CSound vs. Supercollider vs. Chuck

Modular Synth design and releases (Reaktor, SynthEdit, Tassman, etc.)
KBSoundSmith
KVRian
706 posts since 6 Jul, 2009

Post Sun Mar 21, 2010 6:59 am

coops2 wrote:I like CSound :)

Although it can be used in realtime, its ability for use offline rendering means you can do awesome things, such as a 200 operator FM synth or additive synthesis with hundreds of partials each with their own envelopes, filters, effects etc that you just couldn't do in realtime with any VST.

With CSound you are only limited by your imagination and not your CPU :)
Exactly. To me, the beauty of these type of text-based/non-VST synthesis environments is that you can go absolutely crazy. A VST has only a limited number of capabilities (which are usually more than sufficient); however, if you want to go mad and, say, have 100 FM pairs, 100 granulation instruments, etc, and then have them passed through a thousand filters that each undergo separate effects processing, you can do it. If you just want to have two oscillators with a pair of filters and some LFOs, first, it's very quick to make in Csound, but you can use VST quite easily in that case.

bulvanskägg
KVRist
61 posts since 4 May, 2009

Post Thu Mar 25, 2010 2:39 am

coops2 wrote:I like CSound :)

Although it can be used in realtime, its ability for use offline rendering means you can do awesome things, such as a 200 operator FM synth or additive synthesis with hundreds of partials each with their own envelopes, filters, effects etc that you just couldn't do in realtime with any VST.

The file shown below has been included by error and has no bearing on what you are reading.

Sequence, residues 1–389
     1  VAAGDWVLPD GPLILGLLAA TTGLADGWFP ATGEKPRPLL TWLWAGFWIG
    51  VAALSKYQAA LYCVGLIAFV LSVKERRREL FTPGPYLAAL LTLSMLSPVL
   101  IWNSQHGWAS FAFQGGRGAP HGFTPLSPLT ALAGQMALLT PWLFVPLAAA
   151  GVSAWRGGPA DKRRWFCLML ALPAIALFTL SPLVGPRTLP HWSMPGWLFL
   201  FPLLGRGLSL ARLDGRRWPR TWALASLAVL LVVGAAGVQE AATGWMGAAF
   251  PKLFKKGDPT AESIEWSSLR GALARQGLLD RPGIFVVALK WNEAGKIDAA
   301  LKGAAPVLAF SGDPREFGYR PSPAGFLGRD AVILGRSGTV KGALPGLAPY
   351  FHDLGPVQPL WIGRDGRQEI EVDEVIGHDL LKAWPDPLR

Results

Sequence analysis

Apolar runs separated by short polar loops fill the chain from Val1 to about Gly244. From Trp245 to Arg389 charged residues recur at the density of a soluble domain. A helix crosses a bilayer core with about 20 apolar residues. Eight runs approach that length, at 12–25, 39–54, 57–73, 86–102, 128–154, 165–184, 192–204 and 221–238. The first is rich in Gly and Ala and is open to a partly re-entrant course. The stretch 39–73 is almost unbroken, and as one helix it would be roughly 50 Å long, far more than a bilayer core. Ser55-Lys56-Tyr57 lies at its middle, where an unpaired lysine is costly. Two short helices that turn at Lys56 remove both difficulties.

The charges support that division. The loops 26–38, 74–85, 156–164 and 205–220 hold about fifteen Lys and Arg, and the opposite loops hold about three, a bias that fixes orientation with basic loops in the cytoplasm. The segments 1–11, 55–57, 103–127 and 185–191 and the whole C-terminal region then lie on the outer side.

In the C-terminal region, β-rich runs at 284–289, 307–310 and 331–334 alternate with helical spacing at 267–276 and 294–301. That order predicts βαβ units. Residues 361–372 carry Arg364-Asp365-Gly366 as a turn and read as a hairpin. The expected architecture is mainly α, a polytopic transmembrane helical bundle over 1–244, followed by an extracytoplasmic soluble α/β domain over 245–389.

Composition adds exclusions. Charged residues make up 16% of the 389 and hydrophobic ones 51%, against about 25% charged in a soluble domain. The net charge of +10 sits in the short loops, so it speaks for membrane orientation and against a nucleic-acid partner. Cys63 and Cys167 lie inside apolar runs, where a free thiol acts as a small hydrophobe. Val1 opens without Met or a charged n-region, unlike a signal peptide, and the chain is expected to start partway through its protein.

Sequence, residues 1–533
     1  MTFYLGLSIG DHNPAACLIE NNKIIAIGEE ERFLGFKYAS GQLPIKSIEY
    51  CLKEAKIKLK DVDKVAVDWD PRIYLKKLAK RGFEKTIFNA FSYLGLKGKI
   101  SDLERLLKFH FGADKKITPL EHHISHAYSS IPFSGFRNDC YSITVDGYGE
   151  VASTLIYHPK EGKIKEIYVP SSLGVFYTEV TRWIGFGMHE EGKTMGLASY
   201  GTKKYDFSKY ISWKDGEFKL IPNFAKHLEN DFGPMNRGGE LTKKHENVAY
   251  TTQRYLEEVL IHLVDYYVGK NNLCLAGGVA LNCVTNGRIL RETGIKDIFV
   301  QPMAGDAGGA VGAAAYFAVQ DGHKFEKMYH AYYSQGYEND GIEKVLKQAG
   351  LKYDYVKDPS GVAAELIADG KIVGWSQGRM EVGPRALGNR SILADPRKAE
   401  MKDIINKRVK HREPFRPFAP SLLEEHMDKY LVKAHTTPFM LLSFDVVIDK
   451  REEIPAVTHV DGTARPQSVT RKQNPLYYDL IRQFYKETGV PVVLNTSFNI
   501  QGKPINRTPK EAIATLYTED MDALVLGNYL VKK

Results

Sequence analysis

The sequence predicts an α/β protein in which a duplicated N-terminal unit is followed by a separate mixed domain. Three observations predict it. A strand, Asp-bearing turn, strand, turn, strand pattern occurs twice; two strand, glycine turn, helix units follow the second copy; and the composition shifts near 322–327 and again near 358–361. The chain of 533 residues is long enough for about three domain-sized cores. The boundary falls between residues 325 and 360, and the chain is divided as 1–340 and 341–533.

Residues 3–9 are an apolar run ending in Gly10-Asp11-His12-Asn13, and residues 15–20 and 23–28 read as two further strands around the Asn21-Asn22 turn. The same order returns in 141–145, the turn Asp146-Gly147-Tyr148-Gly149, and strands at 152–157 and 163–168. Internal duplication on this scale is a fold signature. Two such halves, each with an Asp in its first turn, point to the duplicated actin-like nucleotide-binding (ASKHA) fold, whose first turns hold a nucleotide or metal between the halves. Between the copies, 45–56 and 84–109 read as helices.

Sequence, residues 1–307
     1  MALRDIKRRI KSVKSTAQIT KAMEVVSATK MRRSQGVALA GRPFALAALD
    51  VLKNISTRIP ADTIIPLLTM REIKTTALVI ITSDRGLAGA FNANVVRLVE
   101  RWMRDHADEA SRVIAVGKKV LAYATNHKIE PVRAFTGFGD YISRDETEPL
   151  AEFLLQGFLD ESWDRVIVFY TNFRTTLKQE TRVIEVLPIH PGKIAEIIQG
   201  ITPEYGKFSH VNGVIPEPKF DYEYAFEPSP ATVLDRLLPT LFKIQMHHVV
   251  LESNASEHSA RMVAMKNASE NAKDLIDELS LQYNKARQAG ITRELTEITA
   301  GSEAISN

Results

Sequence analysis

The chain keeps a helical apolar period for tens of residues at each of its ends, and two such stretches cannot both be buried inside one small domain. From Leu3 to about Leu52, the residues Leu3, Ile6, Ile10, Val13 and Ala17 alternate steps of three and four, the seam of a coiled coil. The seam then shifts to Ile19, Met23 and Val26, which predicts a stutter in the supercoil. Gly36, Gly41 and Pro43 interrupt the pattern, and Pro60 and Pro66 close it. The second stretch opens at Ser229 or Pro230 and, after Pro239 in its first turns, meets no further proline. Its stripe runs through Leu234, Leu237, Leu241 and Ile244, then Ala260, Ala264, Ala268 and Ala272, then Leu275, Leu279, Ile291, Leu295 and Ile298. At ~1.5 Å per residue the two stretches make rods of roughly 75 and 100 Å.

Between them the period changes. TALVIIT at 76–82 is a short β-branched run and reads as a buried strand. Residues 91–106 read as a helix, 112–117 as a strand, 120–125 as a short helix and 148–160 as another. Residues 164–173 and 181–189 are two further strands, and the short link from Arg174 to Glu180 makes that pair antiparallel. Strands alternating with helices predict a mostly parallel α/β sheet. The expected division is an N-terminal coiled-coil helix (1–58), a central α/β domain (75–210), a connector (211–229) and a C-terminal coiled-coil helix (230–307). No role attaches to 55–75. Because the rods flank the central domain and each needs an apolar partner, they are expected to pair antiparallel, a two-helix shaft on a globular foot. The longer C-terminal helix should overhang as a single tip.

With CSound you are only limited by your imagination and not your CPU :)
And what about Supercollider?

KBSoundSmith
KVRian
706 posts since 6 Jul, 2009

Post Sun Mar 28, 2010 8:18 am

bulvanskägg wrote:
coops2 wrote:I like CSound :)

Although it can be used in realtime, its ability for use offline rendering means you can do awesome things, such as a 200 operator FM synth or additive synthesis with hundreds of partials each with their own envelopes, filters, effects etc that you just couldn't do in realtime with any VST.

With CSound you are only limited by your imagination and not your CPU :)
And what about Supercollider?
It depends upon what you are doing. One of the major differences between Csound and Supercollider is the fact that Csound was initially designed, and is still best-suited for, non-realtime synthesis. Supercollider was designed from the beginning for real-time synthesis. If you're on a shit computer, it is better to do non-realtime synthesis, although with the quality of most computers today, this shouldn't be too much of an issue.

Personally, I use Csound for studio work, and if I need something that either needs to be performed live, or for improved control over gesture, I use either Max or Supercollider.

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